Sunday, May 17, 2020

Studies on Adolescene of Piaget and Erikson Essay

Studies on Adolescene of Piaget and Erikson Adolescence is considered a difficult time of life and one in which a number of changes occur as the individual achieves a certain integration of different aspects of personality. One approach to the cognitive and emotional transitions made at different times of life is to consider how the changes in, say, adolescence are linked to a continuum of change beginning in childhood and continuing throughout life. Some theorists, such as Piaget, were interested primarily in the transitions of childhood and youth, while others, such as Erikson, saw all of life as a series of transitions and offered a continuum of stages covering all of life. Piaget became fascinated in his early studies with†¦show more content†¦The learning situation thus becomes a means of discovery as the child encounters something that is unknown, new, or problematical for the child. The achievement of understanding of this experiences produces an adaptation, and each adaptation made by the child is a discovery for him or her, an insight made through experience. Such a discovery process is ongoing and is not to be seen as a series of leaps from one insight to another. The process of discovery continues and builds on experiences already assimilated and adapted. The process is marked out by minute consolidations and extensions of past experience, with perhaps an occasional flash of insight (Flavell, 1963, 91-92). There are two principal learning theories in psychology, one of which focuses on the learning process while the other focuses on the capacity to learn. Piaget offered a biological theory of intelligence that was quite different and that he presented as a unified approach to intelligence and learning. Piaget restricted the ideal of learning to an acquisition of new knowledge that derives primarily from contact with the physical or social environment: He opposes it on the one hand to maturation which is based on physiological processes; on the other hand and most importantly he differentiates it from the acquisition of general knowledge or intelligence which he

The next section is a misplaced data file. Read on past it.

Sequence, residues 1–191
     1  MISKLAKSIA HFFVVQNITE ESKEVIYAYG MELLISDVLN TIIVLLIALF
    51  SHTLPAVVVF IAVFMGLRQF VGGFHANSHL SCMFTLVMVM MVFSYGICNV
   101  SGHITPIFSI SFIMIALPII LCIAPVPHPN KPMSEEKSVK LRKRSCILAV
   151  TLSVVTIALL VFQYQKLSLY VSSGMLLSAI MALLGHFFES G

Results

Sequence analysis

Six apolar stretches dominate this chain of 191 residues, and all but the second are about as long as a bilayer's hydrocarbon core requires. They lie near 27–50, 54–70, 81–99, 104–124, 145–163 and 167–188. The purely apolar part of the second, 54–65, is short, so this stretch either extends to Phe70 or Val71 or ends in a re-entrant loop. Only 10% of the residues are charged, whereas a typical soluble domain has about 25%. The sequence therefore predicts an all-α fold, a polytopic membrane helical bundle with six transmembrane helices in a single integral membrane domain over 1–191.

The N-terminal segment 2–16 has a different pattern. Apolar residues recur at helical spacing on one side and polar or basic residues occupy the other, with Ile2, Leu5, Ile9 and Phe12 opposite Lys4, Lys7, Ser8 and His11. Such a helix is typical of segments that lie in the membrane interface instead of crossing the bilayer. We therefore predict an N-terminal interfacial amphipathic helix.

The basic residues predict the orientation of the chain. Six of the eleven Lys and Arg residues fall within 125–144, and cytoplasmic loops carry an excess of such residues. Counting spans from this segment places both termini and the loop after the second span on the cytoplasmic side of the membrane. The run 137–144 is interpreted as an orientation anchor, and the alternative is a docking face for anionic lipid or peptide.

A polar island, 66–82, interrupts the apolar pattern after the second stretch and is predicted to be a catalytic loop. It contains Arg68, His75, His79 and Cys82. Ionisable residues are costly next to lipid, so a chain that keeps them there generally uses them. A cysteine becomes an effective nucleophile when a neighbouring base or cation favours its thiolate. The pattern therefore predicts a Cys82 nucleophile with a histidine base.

Wednesday, May 6, 2020

Mayan Civilization and Culture - 1077 Words